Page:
Numbers don’t lie. Statistics tell us that one person dies in a motor vehicle accident in the United States for every 100 million miles driven. Americans drive a lot of miles, so the total number of highway deaths every year is quite high. But deaths per miles driven remain fairly constant.
Elon Musk says that self-driving cars are already twice as safe as human drivers and will be getting safer all the time.
So far, self-driving Teslas have already racked up over 100 million miles of computer-aided driving. There are only about 70,000 Teslas capable of autonomous driving on the road today. That number is going up steadily. The company says it may deliver another 100,000 cars this year. It also says it will be building 500,000 cars a year starting in 18 months.
It doesn’t take someone with a PhD in mathematics to figure out that, statistically, there will be one fatality for every 200 million miles of autonomous driving if self-driving cars are twice as safe. What will happen then? Will the world clamor for laws cracking down on every self-driving car? To find the answer, reporter Martin Robbins of The Guardian dug into the historical records in England.
He says the first person to die in the UK as the result of a motor vehicle accident was Bridget Driscoll. She was attending a summer celebration at the Crystal Palace in London in 1896 when she was struck and killed by a motor car travelling at the legal maximum speed at the time of 8 miles per hour. Did England go berserk clamoring for stricter laws regarding the operation of motor vehicles?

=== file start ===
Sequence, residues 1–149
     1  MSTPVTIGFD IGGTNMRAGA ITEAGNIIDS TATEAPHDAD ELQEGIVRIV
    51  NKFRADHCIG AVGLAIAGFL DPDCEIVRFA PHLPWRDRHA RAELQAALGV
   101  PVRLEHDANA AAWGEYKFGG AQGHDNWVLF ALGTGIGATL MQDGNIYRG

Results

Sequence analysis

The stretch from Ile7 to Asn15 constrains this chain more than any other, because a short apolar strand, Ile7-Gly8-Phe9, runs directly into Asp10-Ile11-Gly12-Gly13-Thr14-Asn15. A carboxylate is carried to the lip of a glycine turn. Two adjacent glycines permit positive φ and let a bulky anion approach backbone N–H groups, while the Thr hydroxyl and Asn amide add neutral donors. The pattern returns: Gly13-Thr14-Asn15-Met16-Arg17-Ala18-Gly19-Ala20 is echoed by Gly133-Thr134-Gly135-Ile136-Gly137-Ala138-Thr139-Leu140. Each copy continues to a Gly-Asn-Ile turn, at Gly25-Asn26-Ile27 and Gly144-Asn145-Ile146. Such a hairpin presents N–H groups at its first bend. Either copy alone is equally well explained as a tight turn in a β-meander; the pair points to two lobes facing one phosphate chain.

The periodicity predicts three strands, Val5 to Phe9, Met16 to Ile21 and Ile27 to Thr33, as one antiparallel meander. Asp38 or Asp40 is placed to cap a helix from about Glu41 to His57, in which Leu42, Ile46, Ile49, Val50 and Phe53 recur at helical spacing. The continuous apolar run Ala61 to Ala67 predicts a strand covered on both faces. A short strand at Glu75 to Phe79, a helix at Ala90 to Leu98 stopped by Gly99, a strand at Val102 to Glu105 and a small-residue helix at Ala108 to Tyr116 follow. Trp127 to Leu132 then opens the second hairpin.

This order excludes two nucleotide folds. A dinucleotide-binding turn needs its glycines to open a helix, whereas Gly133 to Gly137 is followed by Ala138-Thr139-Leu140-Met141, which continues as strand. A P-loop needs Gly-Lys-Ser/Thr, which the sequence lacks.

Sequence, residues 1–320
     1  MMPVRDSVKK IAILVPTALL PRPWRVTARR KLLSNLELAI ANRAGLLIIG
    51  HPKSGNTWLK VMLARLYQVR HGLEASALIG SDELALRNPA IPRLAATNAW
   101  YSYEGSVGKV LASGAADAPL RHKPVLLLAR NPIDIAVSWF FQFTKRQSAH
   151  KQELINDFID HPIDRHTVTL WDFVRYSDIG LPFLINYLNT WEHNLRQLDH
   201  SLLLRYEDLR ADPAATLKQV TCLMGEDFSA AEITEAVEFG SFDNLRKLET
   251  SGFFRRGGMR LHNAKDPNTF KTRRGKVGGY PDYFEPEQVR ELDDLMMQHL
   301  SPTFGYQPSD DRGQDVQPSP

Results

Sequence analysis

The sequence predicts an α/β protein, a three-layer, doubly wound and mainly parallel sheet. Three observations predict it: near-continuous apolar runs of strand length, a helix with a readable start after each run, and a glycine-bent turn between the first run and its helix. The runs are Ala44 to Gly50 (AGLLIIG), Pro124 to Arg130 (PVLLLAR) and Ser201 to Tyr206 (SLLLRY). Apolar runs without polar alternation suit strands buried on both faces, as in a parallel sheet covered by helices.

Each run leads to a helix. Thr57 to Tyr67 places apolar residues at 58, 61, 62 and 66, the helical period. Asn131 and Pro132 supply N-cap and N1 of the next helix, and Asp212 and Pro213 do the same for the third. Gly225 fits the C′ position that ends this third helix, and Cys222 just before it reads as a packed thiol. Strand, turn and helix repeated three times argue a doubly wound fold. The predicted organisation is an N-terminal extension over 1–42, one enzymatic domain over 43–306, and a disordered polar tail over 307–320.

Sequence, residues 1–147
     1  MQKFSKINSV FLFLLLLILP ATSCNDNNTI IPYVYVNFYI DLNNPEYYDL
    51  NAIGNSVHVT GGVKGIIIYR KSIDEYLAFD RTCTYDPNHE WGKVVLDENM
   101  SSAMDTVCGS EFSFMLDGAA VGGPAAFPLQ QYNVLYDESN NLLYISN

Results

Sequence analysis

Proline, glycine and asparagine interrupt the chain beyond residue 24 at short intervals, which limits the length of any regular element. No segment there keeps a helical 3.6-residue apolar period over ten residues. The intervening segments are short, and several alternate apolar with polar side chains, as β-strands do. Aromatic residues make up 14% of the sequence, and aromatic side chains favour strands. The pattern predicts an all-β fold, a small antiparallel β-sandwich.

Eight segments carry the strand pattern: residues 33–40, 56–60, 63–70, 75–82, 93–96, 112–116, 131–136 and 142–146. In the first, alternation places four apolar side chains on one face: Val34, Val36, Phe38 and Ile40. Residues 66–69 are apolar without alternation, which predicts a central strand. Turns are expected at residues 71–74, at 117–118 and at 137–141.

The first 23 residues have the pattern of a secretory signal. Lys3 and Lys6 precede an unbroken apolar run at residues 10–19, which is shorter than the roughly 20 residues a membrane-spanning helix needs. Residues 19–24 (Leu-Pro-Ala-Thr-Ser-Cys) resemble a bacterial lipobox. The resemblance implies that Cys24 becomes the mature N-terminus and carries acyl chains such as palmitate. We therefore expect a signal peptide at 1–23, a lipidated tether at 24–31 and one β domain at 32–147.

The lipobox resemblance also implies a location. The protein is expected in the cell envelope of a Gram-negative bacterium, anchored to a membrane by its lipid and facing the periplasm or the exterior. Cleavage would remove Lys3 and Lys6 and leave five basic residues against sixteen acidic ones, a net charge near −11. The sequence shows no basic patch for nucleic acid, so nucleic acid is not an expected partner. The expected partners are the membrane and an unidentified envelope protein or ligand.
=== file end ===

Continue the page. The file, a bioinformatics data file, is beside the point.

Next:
Not at all. In fact, the maximum speed in England was subsequently raised several times in coming years until it reached the stupendous figure of 20 miles per hour in 1903. Two years later, the maximum speed limit in the country was abolished completely. Speaking to Parliament, Lord Buckmaster explained,
“It is sufficient to say that the reason why the speed limit was abolished was not that anybody thought the abolition would tend to the greater security of foot passengers, but that the existing speed limit was so universally disobeyed that its maintenance brought the law into contempt.”
The Guardian suggests that similar logic will apply when computer-controlled cars start getting into accidents — some of them fatal — on a regular basis. Statistically, the fatality rate will be lower for self-driving cars than it ever was when humans were in control. Better systems will drop the fatality rate even further. Even though some deaths will still occur, no one will ever suggest going back to the dangerous days when humans were in control.
In the meantime, computers may actually make us worse drivers. As the owner of the Model S that hit the back of a truck said afterwards, “Yes, I could have reacted sooner, but when the car slows down correctly 1,000 times, you trust it to do it the next time too. My bad.” Complacency is an all-too-human characteristic. But it won’t slow down the advent of self-driving cars. Instead, it is likely to fuel calls for making cars fully autonomous sooner, so that human error can be eliminated entirely.